TORONTO — One out of three Canadians is financially linked to a credit union but the numbers are not as strong when it comes to having their investment needs met. The January completion of a merger between Provincial Credit Union Centrals and Desjardins Group aims to change those numbers, however.
The two entities are heading a partnership between Northwest Funds and The Ethical Funds Company that will create a $5.5 billion investment firm. Initially announced on Sept.19, 2007, the partnership has produced the new company Northwest & Ethical Investments L.P. Both the Northwest Funds and Ethical Funds brands will continue to operate under that name. Northwest & Ethical became responsible for managing the assets of both firms as of Dec. 28, 2007. Provincial Credit Union Centrals and Desjardins Group will each own 50% of Northwest & Ethical.
“When we looked at the book of business at credit unions in Canada, we noticed a large sum [is] held in competitors’ products,” said Don Rolfe, CEO of the new company. “But if we were able to demonstrate that our product was comparable, why wouldn’t you want the one that provides greater compensation and increased market value. In essence, the credit unions own the fund and they have an inherent investment in the firm.”
Based in Toronto, with offices in Vancouver and Montreal, the transition of all operations to one platform is anticipated to be completed by the fall of 2008.
Founded in 1992, Ethical Funds manages 26 funds with $2.67 billion in assets as of Aug. 31, 2007 with a strong focus in socially responsible investments. Created in 1997 and acquired by Desjardins in 2003, Northwest Funds is one of the fastest growing mutual fund companies in the industry with $2.78 billion in assets under management as of Aug. 31, 2007.
Canada’s Provincial Credit Union Centrals of British Columbia, Alberta, Saskatchewan, Manitoba, Ontario, New Brunswick, Nova Scotia and Prince Edward Island collectively own 100% of Ethical Funds. They also own 50% of Credential Financial Inc., which distributes Ethical Funds through member credit unions. The Provincial Credit Union Centrals also represent ownership of more than 400 credit unions across the country with assets totaling $99 billion as of June 30, 2007.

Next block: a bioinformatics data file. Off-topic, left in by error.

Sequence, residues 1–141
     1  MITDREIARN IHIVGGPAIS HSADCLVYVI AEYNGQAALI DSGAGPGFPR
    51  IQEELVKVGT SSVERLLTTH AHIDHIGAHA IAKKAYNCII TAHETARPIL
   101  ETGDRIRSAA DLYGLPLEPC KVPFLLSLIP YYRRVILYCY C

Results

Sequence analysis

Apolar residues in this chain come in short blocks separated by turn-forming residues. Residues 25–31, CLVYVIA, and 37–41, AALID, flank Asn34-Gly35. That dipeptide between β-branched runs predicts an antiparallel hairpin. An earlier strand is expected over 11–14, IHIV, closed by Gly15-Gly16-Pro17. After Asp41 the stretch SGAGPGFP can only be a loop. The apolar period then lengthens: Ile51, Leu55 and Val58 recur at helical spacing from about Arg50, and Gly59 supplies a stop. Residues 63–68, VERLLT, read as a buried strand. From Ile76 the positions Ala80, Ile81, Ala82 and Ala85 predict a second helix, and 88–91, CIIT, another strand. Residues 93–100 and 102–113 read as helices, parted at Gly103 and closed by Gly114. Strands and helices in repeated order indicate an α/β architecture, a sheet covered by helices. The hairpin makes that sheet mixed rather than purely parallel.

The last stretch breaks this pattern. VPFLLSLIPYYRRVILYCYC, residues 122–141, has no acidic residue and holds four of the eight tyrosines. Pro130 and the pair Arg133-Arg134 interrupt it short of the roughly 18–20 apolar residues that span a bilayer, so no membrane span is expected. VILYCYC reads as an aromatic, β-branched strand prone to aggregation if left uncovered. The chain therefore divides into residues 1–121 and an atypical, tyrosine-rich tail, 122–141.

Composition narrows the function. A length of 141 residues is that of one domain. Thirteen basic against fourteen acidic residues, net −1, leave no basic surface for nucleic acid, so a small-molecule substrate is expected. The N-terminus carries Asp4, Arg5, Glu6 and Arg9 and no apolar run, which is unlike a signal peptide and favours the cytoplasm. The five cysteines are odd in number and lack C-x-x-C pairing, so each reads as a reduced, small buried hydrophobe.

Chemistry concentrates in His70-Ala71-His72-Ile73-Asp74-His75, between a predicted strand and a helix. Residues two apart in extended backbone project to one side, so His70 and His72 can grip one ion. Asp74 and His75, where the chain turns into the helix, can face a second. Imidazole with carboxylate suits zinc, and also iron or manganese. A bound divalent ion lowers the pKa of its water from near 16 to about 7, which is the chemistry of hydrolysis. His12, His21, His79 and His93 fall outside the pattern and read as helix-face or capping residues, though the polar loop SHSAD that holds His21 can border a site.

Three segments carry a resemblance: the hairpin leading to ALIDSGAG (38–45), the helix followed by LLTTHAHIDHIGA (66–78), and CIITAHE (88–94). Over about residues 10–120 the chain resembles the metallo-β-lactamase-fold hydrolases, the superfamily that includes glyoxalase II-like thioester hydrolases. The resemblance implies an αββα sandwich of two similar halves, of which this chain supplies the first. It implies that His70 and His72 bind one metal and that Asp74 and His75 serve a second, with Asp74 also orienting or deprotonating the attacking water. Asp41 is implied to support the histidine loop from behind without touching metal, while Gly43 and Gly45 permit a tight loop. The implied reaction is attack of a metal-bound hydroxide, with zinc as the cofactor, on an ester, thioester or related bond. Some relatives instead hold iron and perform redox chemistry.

Desjardins Group is considered the largest integrated cooperative financial group in Canada, with overall assets of more than $143 billion as of June 30, 2007. It comprises a network of caisses, credit unions, and business centers in Qu?(C)bec and Ontario, and some 20 subsidiary companies in life and general insurance, securities brokerage, venture capital and asset management, many of which are active across the country.
Rolfe said partnership discussions began in April 2007 when Ethical Funds was considering growth options. After a strategic review, it was discovered that while one in two Canadians knew about the fund firm, Qu?(C)bec and Ontario remained untapped territories, he added.
“No one has ever shrunk themselves into greatness,” Rolfe said. “We asked, ‘how do we continue to grow in the marketplace?’”
Because Ethical Funds and the Provincial Credit Union Centrals have strong growth records and low employment rates, Rolfe said attrition is not a concern as a result of the merger.
“We made a commitment to our staff that there will be no job losses,” Rolfe said, adding there will be some reshuffling of activities to other divisions.
The board of the new company is scheduled to meet this month to, among other agenda items, decide on a permanent name. Rolfe compares the names Northwest Funds and Ethical Funds to the very familiar Proctor & Gamble moniker: both are independently strong with a diversified product line. A branding campaign is expected by April.
“Both names are very good,” Rolfe said. “We are taking the approach that both brands are very important.”